Economists have estimated the possible cost of last Saturday’s election postponement in Nigeria at over $9billion.
Nigerians woke up last Saturday to find out that the presidential and National Assembly polls had been shifted by a week, few hours to commencement.
Nigerians who were surprised when the country’s presidential election was postponed, might suffer a second shock when they learn the cost, some economists and business leaders say.
‚ÄúThe cost to the economy of the postponement of the election is horrendous,‚ÄĚ said Muda Yusuf, general Director of the Lagos Chamber of Commerce and Industry.
‚ÄúThe economy was on partial shutdown the day before, and total shut down on Saturday for the elections‚ÄĚ that did not take place,‚ÄĚ he lamented.
For economist Bismark Rewane however, “the most important cost … is the reputational cost.
‚ÄúInvestors‚Äô confidence will be eroded,‚ÄĚ he said, adding that in the long term, when indirect costs were taken into account, the delay might cost the equivalent of two percentage points of national output.
In currency terms, Rewane estimated the possible cost at ‚Äúnine to 10 billion dollars.‚ÄĚ
The streets of Lagos were still empty early Sunday as the sprawling economic capital of 20 million people recovered from the disappointment and anger provoked by a last minute, one-week delay blamed on logistical issues.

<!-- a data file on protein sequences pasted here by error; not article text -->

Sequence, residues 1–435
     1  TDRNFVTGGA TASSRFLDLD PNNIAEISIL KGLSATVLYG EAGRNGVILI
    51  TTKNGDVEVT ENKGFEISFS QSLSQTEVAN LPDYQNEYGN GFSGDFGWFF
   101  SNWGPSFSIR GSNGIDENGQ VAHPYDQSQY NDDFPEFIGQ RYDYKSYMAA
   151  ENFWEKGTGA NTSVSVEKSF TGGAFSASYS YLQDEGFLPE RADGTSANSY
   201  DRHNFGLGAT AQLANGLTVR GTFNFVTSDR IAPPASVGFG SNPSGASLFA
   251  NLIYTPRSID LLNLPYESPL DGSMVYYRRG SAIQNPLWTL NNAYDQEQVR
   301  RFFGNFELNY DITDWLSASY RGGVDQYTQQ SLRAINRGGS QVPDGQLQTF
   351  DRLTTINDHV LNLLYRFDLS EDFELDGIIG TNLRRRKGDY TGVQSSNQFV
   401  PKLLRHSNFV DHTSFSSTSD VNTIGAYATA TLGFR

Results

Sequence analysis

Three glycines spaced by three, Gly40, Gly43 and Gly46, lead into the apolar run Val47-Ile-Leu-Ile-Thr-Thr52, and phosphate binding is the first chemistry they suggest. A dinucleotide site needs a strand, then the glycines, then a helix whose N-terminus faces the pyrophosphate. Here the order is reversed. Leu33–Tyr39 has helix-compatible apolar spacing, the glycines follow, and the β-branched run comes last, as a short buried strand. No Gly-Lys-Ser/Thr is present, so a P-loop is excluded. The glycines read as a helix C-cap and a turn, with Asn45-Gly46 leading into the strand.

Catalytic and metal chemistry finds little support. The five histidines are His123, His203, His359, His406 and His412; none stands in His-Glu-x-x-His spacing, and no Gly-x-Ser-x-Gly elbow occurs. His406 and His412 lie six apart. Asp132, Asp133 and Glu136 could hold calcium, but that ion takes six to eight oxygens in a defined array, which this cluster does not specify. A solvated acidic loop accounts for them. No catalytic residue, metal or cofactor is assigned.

The Independent Electoral Commission (INEC) announced the delay just hours before polls to elect the head of Africa’s most populous nation and members of parliament were to commence.
INEC cited problems in the distribution of ballot papers and results sheets, as well as sabotage, after three fire incident at its offices in two weeks.
The leading candidates, incumbent President Muhammadu Buhari and major challenger, Abubakar Atiku, both called for calm, but a population of 190 million people facing unemployment and extreme poverty took a real financial hit from the decision.
For many, the cost of leaving cities where they work to go home and vote in their native regions is substantial.
Social media was used meanwhile, to organise collections for street vendors who had bought perishable items to sell to voters that often wait in long queues.
The amount ultimately raised was unlikely to make much difference to tens of millions of people who live on less than $1.9 a day, but it did highlight solidarity not always widespread in the country.
Many businesses, including the critical port of Lagos had shut down last Friday staff to enable leave cities before an election-related curfew took effect on Saturday from 8:00 am to 6:00 pm.
Airports and border crossing points had stopped operating as well.
Additional materials from Leadership